More even than her Beauregard
had fought for his native State on her own soil; had wrought with singleness of heart for her deliverance from her foes.
Subjected like her to the crooked measures of Reconstruction, he still maintained his scorn for shams, his hate of hypocrisy.
After a visit to Europe
he wrote, in 1873, a book containing at once his share in the war and his place in that troubled peace which followed war. Taylor
wrote as he fought, roughly yet gayly, with firm hand on the hilt of his naked sword.
His book is himself in type—caustic, fiery, given unto satire, master of epigrams.
He held, with Napoleon
I, a method of composition sonorous with battle.
As he had fought for his State in her stress, so did her cherish her in her degradation.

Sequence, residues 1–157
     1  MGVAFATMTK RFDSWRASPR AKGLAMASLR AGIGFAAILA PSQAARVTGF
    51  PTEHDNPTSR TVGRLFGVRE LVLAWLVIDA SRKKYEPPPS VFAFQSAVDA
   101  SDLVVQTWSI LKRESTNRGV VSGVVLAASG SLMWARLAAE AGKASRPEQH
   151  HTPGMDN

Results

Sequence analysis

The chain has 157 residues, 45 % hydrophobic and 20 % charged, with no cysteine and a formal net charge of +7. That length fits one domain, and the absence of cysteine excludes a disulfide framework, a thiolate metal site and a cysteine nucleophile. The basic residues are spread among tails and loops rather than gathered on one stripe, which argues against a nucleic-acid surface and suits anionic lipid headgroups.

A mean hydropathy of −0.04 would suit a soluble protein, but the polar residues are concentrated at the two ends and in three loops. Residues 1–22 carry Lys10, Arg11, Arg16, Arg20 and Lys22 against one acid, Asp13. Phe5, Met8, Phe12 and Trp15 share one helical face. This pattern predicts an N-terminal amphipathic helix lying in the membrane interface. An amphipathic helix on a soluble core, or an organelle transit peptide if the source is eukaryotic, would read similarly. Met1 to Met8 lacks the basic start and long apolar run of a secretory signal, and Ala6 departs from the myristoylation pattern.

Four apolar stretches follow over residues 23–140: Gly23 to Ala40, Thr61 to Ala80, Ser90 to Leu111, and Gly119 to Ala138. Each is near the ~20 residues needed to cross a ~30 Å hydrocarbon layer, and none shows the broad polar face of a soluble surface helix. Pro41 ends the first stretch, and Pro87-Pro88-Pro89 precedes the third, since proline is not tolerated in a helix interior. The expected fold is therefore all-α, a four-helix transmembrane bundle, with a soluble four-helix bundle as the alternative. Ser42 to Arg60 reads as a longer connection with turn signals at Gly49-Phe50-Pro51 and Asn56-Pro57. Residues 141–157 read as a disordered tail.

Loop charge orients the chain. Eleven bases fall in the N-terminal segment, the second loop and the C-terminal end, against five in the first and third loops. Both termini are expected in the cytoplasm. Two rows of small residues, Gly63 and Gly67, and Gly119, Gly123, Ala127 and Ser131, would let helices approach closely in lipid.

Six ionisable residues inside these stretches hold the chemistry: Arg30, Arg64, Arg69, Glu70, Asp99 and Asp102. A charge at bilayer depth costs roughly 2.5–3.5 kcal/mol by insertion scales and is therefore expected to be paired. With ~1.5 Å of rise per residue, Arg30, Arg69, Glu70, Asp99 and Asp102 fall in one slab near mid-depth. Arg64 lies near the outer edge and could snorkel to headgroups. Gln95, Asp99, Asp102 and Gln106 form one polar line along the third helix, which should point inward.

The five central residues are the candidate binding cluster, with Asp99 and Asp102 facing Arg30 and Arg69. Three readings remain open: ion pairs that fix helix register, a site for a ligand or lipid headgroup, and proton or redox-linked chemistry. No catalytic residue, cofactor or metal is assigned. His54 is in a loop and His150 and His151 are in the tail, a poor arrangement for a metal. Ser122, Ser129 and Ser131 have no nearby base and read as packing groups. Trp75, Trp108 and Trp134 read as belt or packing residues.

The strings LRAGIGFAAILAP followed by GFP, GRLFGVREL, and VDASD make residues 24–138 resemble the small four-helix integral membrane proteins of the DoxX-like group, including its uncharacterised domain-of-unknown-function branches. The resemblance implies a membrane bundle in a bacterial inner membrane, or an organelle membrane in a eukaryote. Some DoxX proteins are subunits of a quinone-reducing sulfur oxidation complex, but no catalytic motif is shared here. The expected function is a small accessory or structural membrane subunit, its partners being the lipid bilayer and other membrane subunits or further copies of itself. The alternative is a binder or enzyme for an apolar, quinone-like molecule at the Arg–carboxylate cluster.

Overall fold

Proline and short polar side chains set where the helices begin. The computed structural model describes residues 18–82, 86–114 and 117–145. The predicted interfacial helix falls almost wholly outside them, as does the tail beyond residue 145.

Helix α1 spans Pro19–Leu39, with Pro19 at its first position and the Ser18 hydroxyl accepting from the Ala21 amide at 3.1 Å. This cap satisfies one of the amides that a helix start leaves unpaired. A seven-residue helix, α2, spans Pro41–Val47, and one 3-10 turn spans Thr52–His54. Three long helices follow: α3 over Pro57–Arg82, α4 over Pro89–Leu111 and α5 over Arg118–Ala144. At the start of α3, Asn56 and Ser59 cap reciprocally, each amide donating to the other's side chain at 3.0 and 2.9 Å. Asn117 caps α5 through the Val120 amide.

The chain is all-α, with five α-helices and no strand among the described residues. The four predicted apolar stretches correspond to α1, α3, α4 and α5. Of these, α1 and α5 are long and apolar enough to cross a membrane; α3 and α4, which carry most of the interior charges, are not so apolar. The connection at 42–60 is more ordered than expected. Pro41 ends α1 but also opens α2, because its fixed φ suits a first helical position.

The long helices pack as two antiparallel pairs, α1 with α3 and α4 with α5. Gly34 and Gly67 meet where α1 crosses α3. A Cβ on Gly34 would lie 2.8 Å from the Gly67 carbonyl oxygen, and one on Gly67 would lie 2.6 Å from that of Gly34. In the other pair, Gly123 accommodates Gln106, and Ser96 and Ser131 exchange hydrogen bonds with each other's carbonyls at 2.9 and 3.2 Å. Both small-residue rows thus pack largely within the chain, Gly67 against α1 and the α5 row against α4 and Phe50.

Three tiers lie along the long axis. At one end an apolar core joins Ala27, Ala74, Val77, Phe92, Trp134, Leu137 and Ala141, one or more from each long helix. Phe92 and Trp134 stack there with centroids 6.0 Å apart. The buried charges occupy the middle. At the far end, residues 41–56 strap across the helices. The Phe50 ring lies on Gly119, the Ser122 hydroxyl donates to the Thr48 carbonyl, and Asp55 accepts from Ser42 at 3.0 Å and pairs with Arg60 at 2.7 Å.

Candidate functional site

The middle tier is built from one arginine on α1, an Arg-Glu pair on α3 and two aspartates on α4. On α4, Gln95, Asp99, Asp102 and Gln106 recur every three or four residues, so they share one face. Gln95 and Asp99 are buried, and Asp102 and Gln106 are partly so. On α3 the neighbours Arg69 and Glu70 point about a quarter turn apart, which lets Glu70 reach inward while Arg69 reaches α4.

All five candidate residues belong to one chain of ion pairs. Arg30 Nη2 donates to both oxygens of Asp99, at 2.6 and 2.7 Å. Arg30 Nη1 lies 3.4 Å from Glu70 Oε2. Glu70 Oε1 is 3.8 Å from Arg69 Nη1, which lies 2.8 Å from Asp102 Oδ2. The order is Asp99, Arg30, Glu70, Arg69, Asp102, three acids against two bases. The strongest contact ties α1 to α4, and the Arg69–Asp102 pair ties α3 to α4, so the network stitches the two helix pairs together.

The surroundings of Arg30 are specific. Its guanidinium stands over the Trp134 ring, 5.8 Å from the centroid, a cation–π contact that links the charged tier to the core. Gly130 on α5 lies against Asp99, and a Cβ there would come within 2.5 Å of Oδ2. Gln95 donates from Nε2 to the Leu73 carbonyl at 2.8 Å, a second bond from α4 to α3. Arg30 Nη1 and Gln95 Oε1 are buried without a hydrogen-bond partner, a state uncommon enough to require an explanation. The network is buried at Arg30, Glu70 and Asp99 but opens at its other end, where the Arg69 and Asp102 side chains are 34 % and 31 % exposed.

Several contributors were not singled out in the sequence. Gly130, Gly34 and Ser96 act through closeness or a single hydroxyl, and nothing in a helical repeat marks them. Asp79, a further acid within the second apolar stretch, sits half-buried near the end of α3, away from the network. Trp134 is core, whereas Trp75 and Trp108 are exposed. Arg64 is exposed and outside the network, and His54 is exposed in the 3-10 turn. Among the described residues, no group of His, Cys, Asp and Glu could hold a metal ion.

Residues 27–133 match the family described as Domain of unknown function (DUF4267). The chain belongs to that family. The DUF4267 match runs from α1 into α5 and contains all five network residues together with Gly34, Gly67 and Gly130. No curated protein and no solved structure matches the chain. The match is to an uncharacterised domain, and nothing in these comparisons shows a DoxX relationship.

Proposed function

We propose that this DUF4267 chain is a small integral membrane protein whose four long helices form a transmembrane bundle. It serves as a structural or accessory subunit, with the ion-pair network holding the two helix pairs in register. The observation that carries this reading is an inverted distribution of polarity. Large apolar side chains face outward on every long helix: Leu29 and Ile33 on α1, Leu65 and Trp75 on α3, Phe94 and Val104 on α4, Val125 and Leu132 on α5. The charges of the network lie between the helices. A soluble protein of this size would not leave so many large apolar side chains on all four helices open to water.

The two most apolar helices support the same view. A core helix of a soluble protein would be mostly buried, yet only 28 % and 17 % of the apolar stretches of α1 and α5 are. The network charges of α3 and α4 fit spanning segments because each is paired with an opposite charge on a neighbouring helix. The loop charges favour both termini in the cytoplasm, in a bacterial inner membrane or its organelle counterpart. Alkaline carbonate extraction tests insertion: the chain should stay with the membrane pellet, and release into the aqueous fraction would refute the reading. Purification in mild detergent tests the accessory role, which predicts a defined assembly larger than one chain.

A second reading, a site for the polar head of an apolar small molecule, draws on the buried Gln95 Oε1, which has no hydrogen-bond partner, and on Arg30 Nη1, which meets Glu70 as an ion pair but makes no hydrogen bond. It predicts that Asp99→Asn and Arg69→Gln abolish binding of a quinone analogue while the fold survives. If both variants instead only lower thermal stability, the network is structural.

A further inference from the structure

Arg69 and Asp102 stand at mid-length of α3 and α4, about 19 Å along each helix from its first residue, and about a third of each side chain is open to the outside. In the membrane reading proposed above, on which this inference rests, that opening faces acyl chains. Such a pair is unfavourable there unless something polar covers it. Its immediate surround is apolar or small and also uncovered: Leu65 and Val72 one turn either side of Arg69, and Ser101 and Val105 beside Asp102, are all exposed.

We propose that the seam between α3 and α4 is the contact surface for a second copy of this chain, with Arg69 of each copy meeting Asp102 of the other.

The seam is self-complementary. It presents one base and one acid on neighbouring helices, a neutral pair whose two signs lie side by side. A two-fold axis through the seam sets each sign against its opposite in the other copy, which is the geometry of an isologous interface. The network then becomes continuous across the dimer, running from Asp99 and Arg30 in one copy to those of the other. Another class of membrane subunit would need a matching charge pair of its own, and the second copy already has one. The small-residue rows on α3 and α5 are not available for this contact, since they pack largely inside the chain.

His style, whether in scorn or love, is as brilliant as the gleam of his sword.
With its flash before us, I commit Richard Taylor
, Liberator of Confederate Louisiana
, to his fame.
found in his own peculiar fashion a justification for his enforced, if not disastrous, defeat.1
After vainly waiting for Porter
's fleet at Grand Ecore
proceeded to Alexandria
Thence, he found a swift way to the Atchafalaya
; thence, to New Orleans; thence, after a little more warfare, to Massachusetts
Once there, true type of the political soldier, he utilized his war experience by seeking election in his old congressional district.
He received the station, of all others, which he knew best how to fill at once with honor to himself and to his State's advantage.
On the 11th of May General Banks
was relieved, at his own request, by Maj.-Gen. R. S. Canby
. General Canby